This is often easier said than done.
After you have a confirmed move into the buy zone, try to buy near the bottom of the zone. When you have a confirmed move into the sell zone, try to open a short near the top of it. We prefer doing this using limit orders in order to remove the emotion that might cause you to hesitate out of fear of missing a better price or fear that you’re entering at the start of a deeper pullback. As long as your stop loss is set close enough beyond these zones, if the trade moves against you your losses will be limited to acceptable amounts per your personal maximum loss rules.
Additional steps to cut risk include:
Enter your full planned position in stages. For example, a third as it gets close, a third if it hits your ideal entry point, and a final third when the asset bounces back into the buy or sell zone. Again these can be done with preset limit orders, although on shorter time frames or in times of volatility the bands could move a lot and force you to regularly modify your limit orders.
If you have the time to actively monitor the position, you can attempt to further reduce risk by:
- waiting to open a new long position until price starts to bounce back up into the buy zone
- waiting to open a new short position until price starts to bounce back down into the sell zone
The Key Qualification To Rule 4: No Major Evidence Of Trend Exhaustion
If you believe the evidence suggests a deeper pullback (or rally in the case of short positions) could come, stand aside, don’t trade. Typically the evidence is some kind of news that suggests the reversal has a good chance of persisting. For example, look at Chart 7 below.
Chart 7: S&P 500 WEEKLY CHART April 26 2009 to May 23 2010
Highlighted areas April 26 2009 to January 31 2010, April 18 to May 23 2010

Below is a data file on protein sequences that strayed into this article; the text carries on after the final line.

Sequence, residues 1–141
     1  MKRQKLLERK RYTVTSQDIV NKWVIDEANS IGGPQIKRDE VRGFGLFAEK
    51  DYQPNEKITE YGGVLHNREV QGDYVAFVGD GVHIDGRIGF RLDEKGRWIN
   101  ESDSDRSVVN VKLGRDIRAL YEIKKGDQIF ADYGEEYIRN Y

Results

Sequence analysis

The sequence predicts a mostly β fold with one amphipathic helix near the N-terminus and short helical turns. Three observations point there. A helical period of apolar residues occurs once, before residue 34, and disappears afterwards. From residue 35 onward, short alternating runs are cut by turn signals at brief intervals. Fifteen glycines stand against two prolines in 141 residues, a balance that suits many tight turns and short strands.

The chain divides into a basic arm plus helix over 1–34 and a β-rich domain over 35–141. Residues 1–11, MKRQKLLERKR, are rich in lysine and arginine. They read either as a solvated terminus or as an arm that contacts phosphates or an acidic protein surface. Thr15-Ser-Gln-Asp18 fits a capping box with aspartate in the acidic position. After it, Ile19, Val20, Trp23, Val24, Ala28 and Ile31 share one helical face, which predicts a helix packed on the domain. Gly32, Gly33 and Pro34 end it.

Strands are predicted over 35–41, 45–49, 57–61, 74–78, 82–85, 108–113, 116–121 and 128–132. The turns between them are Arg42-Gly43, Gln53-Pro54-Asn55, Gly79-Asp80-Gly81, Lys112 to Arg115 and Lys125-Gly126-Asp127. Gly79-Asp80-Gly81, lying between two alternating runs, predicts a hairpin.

13 Feb. 19 19.38
The rule worked well if you bought at the cheap end of the buy zone during the week of Sept. 27 2009 (arrow 3), there you caught a bargain. However if you bought at the close of the week of April 25, 2010 (arrow 5), you caught a falling knife, as a threatened Greek default set off a sharp 4 week pullback. The key was to recognize that the fundamentals were so bad that they outweighed the suggested bargain of Rule 4. Again, that’s easier said than done. Sometimes you’ll be right, sometimes not.
What would have saved you? In addition to reasonable stop losses (which we ALWAYS USE, RIGHT?), rule 4 also suggests taking partial positions when entering strong trends, like 1/3rd of your total planned position if you can’t wait for the retracement to the cheaper end of your buy or sell zone, another 1/3rd if/when you get the retracement, and another 1/3rd when if you get a bounce back into the buy or sell zone. A stop loss that was near strong support and that kept your loss within you maximum loss guidelines (typically 1%-3% of your capital at most), and a small position would usually have prevented a loss beyond those guidelines. Of course even a stop loss doesn’t guarantee against larger than planned losses if price gaps beyond it.
CONCLUSION AND SUMMARY
Double Bollinger Bands are incredibly useful, but like any technical indicator, must be used in combination with other evidence, the precise nature of which depends on your style of trading and timeframe. Here’s a brief summary of the 4 rules for using DBBs.
RULE 1: Go Short, Stay Short When Price Is In Or Below The DBB “Sell Zone” (DBBSZ)
When price is in the sell zone, downward momentum is strong enough for the odds to be in favor of continued downtrend.
RULE 2: Go Long, Stay Long When Price Is In Or Above The DBB “Buy Zone” (DBBZ)
When price is in the buy zone, upward momentum is strong enough for the odds to be in favor of continued uptrend.
RULE 3: Don’t Trade Trends Based On DBBs When Price Is In The Neutral Zone
When price is in the middle, neutral zone, momentum isn’t strong enough for trend trading in your current time frame.
Your choices are to:
- In your current time frame, avoid trend trading altogether. Take a break or switch to range trading strategies and systems.
- Switch to trading a trend in shorter time frames.
Rule 4: Minimizing Risk: Enter Longs At Bottom Of BBBZ, Shorts At Top Of DBBSZ, Or Enter In Stages
Qualification: do not attempt ‘bargain hunting’ if there is significant evidence that the trend is not merely testing support but in fact reversing. If your full range of fundamental and technical evidence suggests a reversal may be forming, then avoid the trade, or take only partial positions until the trend resumes, and use stop losses to minimize damage if in fact the trend you’re playing breaks down.
For More In Depth Training On Double Bollinger ® Bands
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DISCLOSURE /DISCLAIMER: THE ABOVE IS FOR INFORMATIONAL PURPOSES ONLY, RESPONSIBILITY FOR ALL TRADING OR INVESTING DECISIONS LIES SOLELY WITH THE READER.